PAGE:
Indian Motorcycle Forum banner

1 - 14 of 14 Posts

·
Registered
Joined
·
115 Posts
Discussion Starter #1
Leaving a gas station and they had a metric ton of loose gravel going onto the highway. Talking those tiny grey fuckers. Somehow the bike slid out in a low side and I managed to drift it for about 5 feet until I just lost it. Only damage, somehow, was to my left foot peg and mirror. I guess those superbike classes and learning low sides finally paid off

79561436-F01C-4EFE-A111-C0580CC92134.jpeg
5B0F6555-3BD3-4DA0-99D0-36E7B6C18B84.jpeg
 

·
Registered
Joined
·
1,096 Posts
I hate that stuff. Should be banned on roads, or as any kind of filler.

My worst experience with that was back in the early 80's, I was a road salesman in Pennsylvania. Heading South from Scranton down into Stroudsburg, a 20 ton dump full of it about a mile ahead of me started having a minor hydraulic leak in his dump system. Slowly, slowly, the bed started lifting, dropping a thin layer of the stuff on the road in front of me.
I felt the steering of my company car go at the same time I heard all the little rocks hitting the bottom of the car. I started noticing cars all over the shoulder, up on the banks, etc.
I just let my foot off the gas, popped it into neutral, and tried to keep it straight. No anti locks on an 81 Monte Carlo!
I drifted to a stop just a few hundred feet short of the truck, which now had a bed totally lifted, with the driver standing to the side scratching his head. A State Trooper was parked behind him, writing him up.

Luckily, it seemed that no one hit anyone else, save for the poor people who skidded off into the shoulders and grass.
 

·
Registered
Joined
·
115 Posts
Discussion Starter #5
I hate that stuff. Should be banned on roads, or as any kind of filler
Yea this was a road redone recently, so there’s a large area of it at the intersection. Like I said, no need in fighting it, so I just tucked my leg to where it wouldn’t get mangled and just let it go.
 

·
Registered
Joined
·
2,103 Posts
Yea this was a road redone recently, so there’s a large area of it at the intersection. Like I said, no need in fighting it, so I just tucked my leg to where it wouldn’t get mangled and just let it go.
Sometimes, that's all you can do.

Back when I had my Shadow, the county resurfaced the roads in my neighborhood with that asphalt stuff that they dump a shit-ton of tiny gravel on for the traffic to impact into the road surface. They had the HUGE orange signs up at both ends of the road, warning motorcycles to be cautious. So, I took it slow and careful. A couple weeks later, the signs were gone, so I figured that all the gravel was in the road surface, and no longer an issue. Going into a 90 degree right corner, I dropped it into 2nd and twisted the throttle, as it was uphill. The rear end swing out from underneath me, and the only thing that kept me from going down was that, as soon as I felt it slip, I reduced throttle and steered slightly into the turn. When the rear wheel caught, it was more-or-less in line with the front, so I was able to keep the bike up.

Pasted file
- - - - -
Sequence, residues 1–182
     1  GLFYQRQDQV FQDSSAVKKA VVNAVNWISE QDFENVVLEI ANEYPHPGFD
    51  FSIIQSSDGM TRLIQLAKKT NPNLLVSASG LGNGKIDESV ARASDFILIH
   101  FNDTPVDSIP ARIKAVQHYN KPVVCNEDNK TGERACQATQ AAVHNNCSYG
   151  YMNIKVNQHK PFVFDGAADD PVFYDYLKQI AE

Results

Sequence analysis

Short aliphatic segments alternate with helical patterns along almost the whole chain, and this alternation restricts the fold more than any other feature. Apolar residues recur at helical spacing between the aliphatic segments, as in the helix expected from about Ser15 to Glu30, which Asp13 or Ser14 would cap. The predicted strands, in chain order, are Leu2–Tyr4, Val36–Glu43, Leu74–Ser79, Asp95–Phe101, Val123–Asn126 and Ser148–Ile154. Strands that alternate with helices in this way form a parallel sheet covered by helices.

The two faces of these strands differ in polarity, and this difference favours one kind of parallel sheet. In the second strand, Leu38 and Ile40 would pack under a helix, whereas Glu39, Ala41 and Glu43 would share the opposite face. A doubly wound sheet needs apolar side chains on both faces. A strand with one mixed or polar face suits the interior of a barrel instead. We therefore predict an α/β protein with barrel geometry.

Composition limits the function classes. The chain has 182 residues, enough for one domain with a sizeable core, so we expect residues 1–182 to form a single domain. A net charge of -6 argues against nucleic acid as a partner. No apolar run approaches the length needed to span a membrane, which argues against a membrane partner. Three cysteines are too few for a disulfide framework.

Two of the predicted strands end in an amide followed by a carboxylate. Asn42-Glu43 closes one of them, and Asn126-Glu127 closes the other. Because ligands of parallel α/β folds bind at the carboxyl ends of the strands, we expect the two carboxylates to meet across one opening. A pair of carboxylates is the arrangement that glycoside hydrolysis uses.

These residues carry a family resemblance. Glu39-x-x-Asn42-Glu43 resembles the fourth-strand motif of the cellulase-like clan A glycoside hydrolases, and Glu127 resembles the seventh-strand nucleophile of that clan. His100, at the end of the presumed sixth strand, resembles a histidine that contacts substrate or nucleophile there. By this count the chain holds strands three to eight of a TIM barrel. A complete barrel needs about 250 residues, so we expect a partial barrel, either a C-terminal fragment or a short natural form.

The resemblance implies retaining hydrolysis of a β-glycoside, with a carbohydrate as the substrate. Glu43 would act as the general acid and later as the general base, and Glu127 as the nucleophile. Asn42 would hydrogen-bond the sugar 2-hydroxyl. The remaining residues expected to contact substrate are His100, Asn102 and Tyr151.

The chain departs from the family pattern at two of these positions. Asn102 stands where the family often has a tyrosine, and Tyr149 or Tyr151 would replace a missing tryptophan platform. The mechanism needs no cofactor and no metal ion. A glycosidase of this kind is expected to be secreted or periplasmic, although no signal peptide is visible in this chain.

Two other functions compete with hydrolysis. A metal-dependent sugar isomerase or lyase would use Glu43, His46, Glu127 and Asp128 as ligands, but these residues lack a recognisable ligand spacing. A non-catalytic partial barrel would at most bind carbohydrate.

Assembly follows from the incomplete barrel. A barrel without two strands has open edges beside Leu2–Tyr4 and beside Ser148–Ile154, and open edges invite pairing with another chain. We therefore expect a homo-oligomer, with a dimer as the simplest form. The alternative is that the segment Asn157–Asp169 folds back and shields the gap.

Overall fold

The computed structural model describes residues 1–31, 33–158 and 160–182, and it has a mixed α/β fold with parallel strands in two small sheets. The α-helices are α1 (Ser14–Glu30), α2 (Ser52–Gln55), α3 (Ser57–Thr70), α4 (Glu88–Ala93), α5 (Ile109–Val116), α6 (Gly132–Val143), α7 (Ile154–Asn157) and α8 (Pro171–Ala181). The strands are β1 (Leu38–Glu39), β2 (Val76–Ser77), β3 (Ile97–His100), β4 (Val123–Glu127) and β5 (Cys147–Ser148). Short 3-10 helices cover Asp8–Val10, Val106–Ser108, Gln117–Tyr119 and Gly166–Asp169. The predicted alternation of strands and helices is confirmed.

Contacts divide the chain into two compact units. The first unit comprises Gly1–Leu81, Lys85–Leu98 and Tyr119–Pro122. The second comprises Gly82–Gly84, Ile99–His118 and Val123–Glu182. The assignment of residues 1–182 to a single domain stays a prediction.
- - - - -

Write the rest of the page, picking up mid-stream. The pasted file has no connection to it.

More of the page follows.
·
Registered
Joined
·
3,405 Posts
That sucks. Glad you’re okay. I go way outta my way to avoid loose gravel or sand. The stock tires on my bike seem like they are slick when I encounter either one. Trying to maintain control of an 800 plus pound bike that’s shimmying side to side makes riding interesting (as evidenced by the pucker marks on the seat).

Bubba
 

·
Registered
Joined
·
2,103 Posts
That sucks. Glad you’re okay. I go way outta my way to avoid loose gravel or sand. The stock tires on my bike seem like they are slick when I encounter either one. Trying to maintain control of an 800 plus pound bike that’s shimmying side to side makes riding interesting (as evidenced by the pucker marks on the seat).

Bubba
Having ridden my Shadow (530lbs), and my RM (930lbs), I find that the additional weight helps with stabilization.
 

·
Registered
Joined
·
321 Posts
Ah yes, the joys of loose chip gravel. Here in Pennsylvania, that's one of PennDOT's favorite tools for cheap road maintenance.
Few things pucker you up quicker then rounding a bend while blasting down your favorite twisty backroad, only to come upon this dreaded sign
upload_2019-5-2_12-48-55.png
 

·
Registered
Joined
·
461 Posts
Super bike schools
Redge Pridmore C L A S S
Have saved my hide more than once

Wised up, sold my vanson leathers and ride with motoport Kevlar mesh
 

·
Registered
Joined
·
67 Posts
Oil and chips referred to as Poor mans paving. And they will take you out. Dropped my bike at a sloped stop sign when my foot slipped to the point of no return for a 900 lb bike.
 

·
Bronze member
Joined
·
3,775 Posts
Ouch, that hurts.

I hate loose gravel as much as anyone. At the motel I was staying at over Easter they had tiny gravel chips over the bitumen in front of my unit. Pushing a big bike backward on that stuff had me going very carefully indeed as my feet kept slipping. In my state it's now mandated that road crews sweep loose gravel from any new surface before they open it to traffic. Loose gravel on our roads is very rare now, but in private car parking areas bikers are not so well looked after.
 

·
Bronze member
Joined
·
2,754 Posts
As long as your ok ,you can always buy new bikes ,but can't always fix our bodies.
 
1 - 14 of 14 Posts
Top